Tracts 111, 112, and 113 – RR The southeast corner of La Crosse Ave. and S. MoPac, north of Wyldwood Drive, and west of S. MoPac approximately 4/5 of a mile south of La Crosse Ave.

These tracts would remain undeveloped and be deeded to the Lady Bird Johnson Wildflower Center.

Tract 114 – GR-CO At the northeast corner of SH 45 and FM 1826

One of two tracts on which a service station would be permitted. See Tract 106. The conditional overlay would prohibit auto repair, rental, sales, or automotive washing. Building heights would be limited to 40 feet and retail lease spaces would be limited to 35,000 square feet.

Preserving east-west access,

public restrooms, important to group

Last night the Downtown Commission voted to support the central business district transportation proposals that city staff has drawn up to enhance pedestrian access to downtown. But the group also added some recommendations of their own.

While there has been considerable discussion about turning Cesar Chavez into a “grand, two-way, lakefront boulevard,” city staff has set no time frame for doing so. Members of the commission voted to endorse a proposal to realign Cesar Chavez within the next five to ten years. One source of concern for Commissioners Robert Knight, Bruce Willenzik and Tim Finley was the nine-minute delay the change is anticipated to create. Willenzik, who owns the popular Armadillo Christmas Bazaar, asked, “How many generations of retailers have to go broke” before planners realize that downtown retail cannot prosper without “effective access and mobility.” He joined Knight in offering some changes to the proposed resolution. Knight said he could vote for making Cesar Chavez two-way if it were coupled with keeping Riverside Drive as a viable east-west thoroughfare.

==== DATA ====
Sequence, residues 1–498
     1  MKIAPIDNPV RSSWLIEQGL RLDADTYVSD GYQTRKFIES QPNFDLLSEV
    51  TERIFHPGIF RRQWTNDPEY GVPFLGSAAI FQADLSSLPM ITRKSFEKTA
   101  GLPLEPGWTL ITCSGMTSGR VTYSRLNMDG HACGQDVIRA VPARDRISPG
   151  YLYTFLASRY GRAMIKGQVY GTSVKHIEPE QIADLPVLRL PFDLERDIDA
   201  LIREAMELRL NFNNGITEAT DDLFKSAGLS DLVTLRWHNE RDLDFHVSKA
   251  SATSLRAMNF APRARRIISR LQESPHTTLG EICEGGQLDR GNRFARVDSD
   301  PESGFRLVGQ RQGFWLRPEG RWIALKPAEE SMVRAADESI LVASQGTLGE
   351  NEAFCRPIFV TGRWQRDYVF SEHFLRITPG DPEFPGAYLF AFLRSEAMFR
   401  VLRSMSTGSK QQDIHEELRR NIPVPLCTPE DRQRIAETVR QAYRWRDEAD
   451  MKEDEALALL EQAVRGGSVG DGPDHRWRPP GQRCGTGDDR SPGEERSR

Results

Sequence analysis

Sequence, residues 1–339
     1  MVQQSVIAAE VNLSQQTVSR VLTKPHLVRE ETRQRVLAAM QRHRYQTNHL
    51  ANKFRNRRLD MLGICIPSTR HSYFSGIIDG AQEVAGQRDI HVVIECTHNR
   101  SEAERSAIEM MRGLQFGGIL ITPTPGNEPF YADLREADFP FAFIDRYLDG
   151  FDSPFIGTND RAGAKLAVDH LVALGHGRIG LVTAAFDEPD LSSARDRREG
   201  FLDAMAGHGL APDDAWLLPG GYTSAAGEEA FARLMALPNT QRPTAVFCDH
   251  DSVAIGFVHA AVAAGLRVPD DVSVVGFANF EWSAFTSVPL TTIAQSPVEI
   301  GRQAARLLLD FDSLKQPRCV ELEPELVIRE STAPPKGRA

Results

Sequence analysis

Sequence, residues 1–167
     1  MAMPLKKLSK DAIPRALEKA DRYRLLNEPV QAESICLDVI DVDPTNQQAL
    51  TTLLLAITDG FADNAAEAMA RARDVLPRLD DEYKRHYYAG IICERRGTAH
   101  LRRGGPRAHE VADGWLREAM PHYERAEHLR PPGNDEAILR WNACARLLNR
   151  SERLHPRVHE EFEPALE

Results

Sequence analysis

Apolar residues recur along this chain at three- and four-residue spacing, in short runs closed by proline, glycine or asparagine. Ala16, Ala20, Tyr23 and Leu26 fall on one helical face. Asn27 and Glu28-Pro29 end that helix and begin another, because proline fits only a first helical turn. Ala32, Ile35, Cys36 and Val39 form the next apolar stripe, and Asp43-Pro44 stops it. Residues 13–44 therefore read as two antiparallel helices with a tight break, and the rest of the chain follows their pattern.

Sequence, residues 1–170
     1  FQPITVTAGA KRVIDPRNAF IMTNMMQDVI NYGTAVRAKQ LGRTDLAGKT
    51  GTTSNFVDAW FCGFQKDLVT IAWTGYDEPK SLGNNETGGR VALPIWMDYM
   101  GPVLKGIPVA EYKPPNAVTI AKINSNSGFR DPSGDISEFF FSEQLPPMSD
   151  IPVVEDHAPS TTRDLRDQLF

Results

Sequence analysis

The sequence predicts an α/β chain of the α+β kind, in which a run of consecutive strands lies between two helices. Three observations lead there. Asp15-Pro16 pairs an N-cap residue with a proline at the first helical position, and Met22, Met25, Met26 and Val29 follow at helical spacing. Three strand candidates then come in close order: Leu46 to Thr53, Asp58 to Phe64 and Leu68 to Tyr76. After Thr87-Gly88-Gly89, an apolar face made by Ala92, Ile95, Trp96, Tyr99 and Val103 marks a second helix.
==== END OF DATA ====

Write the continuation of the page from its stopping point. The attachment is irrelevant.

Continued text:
Knight said, “There’s not a polite word,” for his thoughts on the nine-minute delay. Beth Ann Sprengel of the Greater Austin Chamber of Commerce said her organization would be meeting with city staff on July 1 to get more information on the cost of the various traffic changes. She also said they needed to know what factors would be used “to deem this a failure or a success.” She abstained on the final vote. The Chamber has not yet taken a position on the proposals, but the Downtown Austin Alliance supports them. On the other hand, the Real Estate Council of Austin is opposed. (See In Fact Daily, June 3, 2002.)

In addition to the Cesar Chavez recommendation, the commission proposed the following:

• Efforts should be made to identify suitable locations for public restroom facilities on public property along downtown streets, particularly in areas of high pedestrian traffic.

• Musicians’ loading and unloading needs should be considered in relation to the allocation of street space along East Sixth Street.

• All planning of street space along 2nd Street should include extensive input from retail experts.

• Further study of Guadalupe and Lavaca is warranted to move toward placing bicycle routes in the city’s Bicycle Plan.